Innovating for safer work environments
Whether it's the search for next-generation transport, cleaner energy or more efficient industrial processes, successful innovation requires forward thinking, and the vision to anticipate future problems as well as to solve existing ones. Innovations designed to keep hazards and accidents at bay contribute immensely to societal progress, and yet, many often go unnoticed. The impact of their contributions is most evident in the world's energy and industrial sectors.
Making Oil and Gas Safer
Transitioning from fossil fuels to renewable forms of energy will take time, and some countries will continue to rely on oil and gas exploration and production to supply their immediate energy needs. Extracting and refining fossil fuels, however, comes with its fair share of hazards that pose significant risk to human workers.
Typically, it's thought that enhancing safety involves higher costs. In fact, an energy industry survey found that more than 80 percent of companies were expecting to increase health and safety spending in 2017. But with oil prices on a downward trend, investment in risk control measures, like maintenance and inspections, may come under pressure.
According to the U.S. Department of Labor, some of the most prominent hazards facing oil and gas workers include:
- Explosions and Fires
- Confined Spaces
- Ergonomic Hazards
- High-Pressure Lines and Equipment
- Electrical and Other Hazardous Energy
Managing these hazards effectively using humans is dangerous, inefficient and expensive. Engineers at Mitsubishi Heavy Industries (MHI) Group in Kobe, Japan are developing an autonomous inspection robot that can mitigate these risks and reduce costs at the same time.
The goal is to create a round-the-clock, automatic contactless charging, explosion-proof all-weather vehicle that can operate anywhere, from large factories to offshore rigs. Capable of detecting oil or gas leaks and system malfunctions, the robot can report problems to remote monitoring centers and carry out actions to alleviate the danger of explosions and other hazards, keeping employees out of harm's way.
Meet the Robots Designed to Keep Danger Away
Balancing Reliability and Safety
Although the 1950s vision of a nuclear-powered planet never fully materialized, nuclear energy is still responsible for generating about 11 percent of the world’s electricity. As of 2017, 448 reactors are producing 392GW of electricity around the globe, with another 57 under construction, according to data compiled by Bloomberg New Energy Finance.
The need for improved nuclear power safety technologies has been thrown into sharper focus in recent years. In 2016, the nuclear industry was slated to spend $47 billion on new safety enhancements through 2020.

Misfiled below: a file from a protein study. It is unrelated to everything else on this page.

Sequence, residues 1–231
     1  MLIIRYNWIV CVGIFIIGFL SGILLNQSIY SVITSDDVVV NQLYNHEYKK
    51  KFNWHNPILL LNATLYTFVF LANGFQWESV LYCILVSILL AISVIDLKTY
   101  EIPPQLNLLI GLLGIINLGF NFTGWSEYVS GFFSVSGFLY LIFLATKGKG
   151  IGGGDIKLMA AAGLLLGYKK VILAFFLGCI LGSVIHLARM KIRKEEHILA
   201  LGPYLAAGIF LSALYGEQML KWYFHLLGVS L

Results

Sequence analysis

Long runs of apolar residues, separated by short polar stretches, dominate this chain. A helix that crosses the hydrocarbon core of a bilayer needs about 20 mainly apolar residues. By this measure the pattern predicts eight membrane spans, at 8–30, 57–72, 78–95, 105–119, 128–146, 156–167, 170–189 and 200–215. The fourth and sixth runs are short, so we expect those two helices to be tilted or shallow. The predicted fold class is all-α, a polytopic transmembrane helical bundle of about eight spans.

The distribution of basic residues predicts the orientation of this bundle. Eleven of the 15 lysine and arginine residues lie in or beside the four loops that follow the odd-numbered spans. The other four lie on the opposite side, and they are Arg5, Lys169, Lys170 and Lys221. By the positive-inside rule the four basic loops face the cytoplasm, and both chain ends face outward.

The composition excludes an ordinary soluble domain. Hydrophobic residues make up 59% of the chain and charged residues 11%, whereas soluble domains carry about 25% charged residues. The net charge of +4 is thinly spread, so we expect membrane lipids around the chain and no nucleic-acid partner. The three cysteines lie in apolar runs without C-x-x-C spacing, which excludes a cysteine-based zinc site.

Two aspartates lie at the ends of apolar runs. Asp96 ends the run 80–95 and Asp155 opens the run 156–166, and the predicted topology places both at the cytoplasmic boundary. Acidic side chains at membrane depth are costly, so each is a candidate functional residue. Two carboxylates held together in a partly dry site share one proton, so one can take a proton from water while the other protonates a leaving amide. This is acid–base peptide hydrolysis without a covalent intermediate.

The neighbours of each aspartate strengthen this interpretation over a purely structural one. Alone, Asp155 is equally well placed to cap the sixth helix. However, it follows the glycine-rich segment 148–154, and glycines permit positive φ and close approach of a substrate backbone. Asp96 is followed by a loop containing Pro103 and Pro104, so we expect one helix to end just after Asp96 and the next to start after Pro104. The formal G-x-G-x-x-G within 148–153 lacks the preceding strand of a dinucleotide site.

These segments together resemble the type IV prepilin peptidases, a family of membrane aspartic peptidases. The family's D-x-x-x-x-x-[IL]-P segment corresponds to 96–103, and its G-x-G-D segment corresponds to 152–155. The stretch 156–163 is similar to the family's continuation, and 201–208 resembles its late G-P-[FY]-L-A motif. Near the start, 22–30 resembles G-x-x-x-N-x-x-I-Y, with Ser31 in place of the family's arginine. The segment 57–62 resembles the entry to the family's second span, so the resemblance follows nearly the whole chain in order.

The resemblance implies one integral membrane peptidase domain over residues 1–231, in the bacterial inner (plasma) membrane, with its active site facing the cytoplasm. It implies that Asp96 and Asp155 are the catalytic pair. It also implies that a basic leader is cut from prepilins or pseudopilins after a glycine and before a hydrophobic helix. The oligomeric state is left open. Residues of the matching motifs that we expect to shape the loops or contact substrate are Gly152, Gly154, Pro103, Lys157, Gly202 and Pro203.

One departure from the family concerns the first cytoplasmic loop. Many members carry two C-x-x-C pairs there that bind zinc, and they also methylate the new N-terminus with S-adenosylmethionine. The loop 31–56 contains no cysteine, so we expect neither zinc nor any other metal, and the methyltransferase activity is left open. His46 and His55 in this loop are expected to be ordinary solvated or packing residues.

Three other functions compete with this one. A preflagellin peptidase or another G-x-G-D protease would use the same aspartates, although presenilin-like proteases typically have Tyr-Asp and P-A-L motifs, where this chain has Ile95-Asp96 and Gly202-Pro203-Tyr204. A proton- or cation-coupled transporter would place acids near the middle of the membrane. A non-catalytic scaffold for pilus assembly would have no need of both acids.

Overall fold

MHI Group, which has been developing robot technology for the nuclear industry since the 1970s, introduced the Astrocam 7000HS in 2013. Utilizing technologies originally developed for space exploration, the Astrocam was the first commercial camera able to visualize radioactive hot spots to confirm that cleaned-up areas are safe, reducing the need to expose humans to danger considerably. The device also weighs no more than a sack of rice, which makes it nimble enough to be deployed anywhere within a moment's notice.
Reducing Human Error
Human error is one of the leading causes of work-related accidents, a trend that has given birth to the multidisciplinary field of occupational safety and health (OSH). Creating legislation to govern workplace safety may be one of OSH's universal mandates, but there's still a limit to how much risk regulations can eliminate. Accidents have been known to occur even in places where such stringent rules are enforced. As decision makers in charge of safety mull ways to unlock more foolproof solutions, artificial intelligence (AI) could hold the key.
Mitsubishi Hitachi Power Systems is now in its Final stages of developing an AI-based system to automate combustion tuning in boilers at coal-fired power plants. By analyzing large volumes of complex data acquired during boiler operations, the system attains results on par with those by senior level engineers. Experienced plant operators can now take advantage of the added expertise and insights supplied by AI to further reduce the risk of human error.
Primed for Safety
Successful innovation in safety requires the integration of diverse technologies into single solutions that balance economic and social benefits. Every day, MHI Group’s 1,300 research engineers work together on these solutions to meet the challenges of a fast-changing world.
“We are sometimes seen as a collection of small and medium-scale companies connected horizontally. In the current environment, there is a limit to how much can be achieved from a system featuring highly specialized knowledge of particular fields,” says Michisuke Nayama, Chief Technology Officer at MHI. “It is therefore necessary to make active use of our overall expertise and technologies in a holistic manner."
Mr. Nakayama adds that the technology developed and experience gained from producing such a wide array of products can also be an inherent strength. MHI Group’s extensive expertise in energy and robotics and longstanding culture of safety has allowed the company to become a leader in developing machines that keep humans safe on many fronts. As manufacturing becomes more sophisticated, the ability to effectively integrate different technologies and systems in previously unforeseen ways will become vital.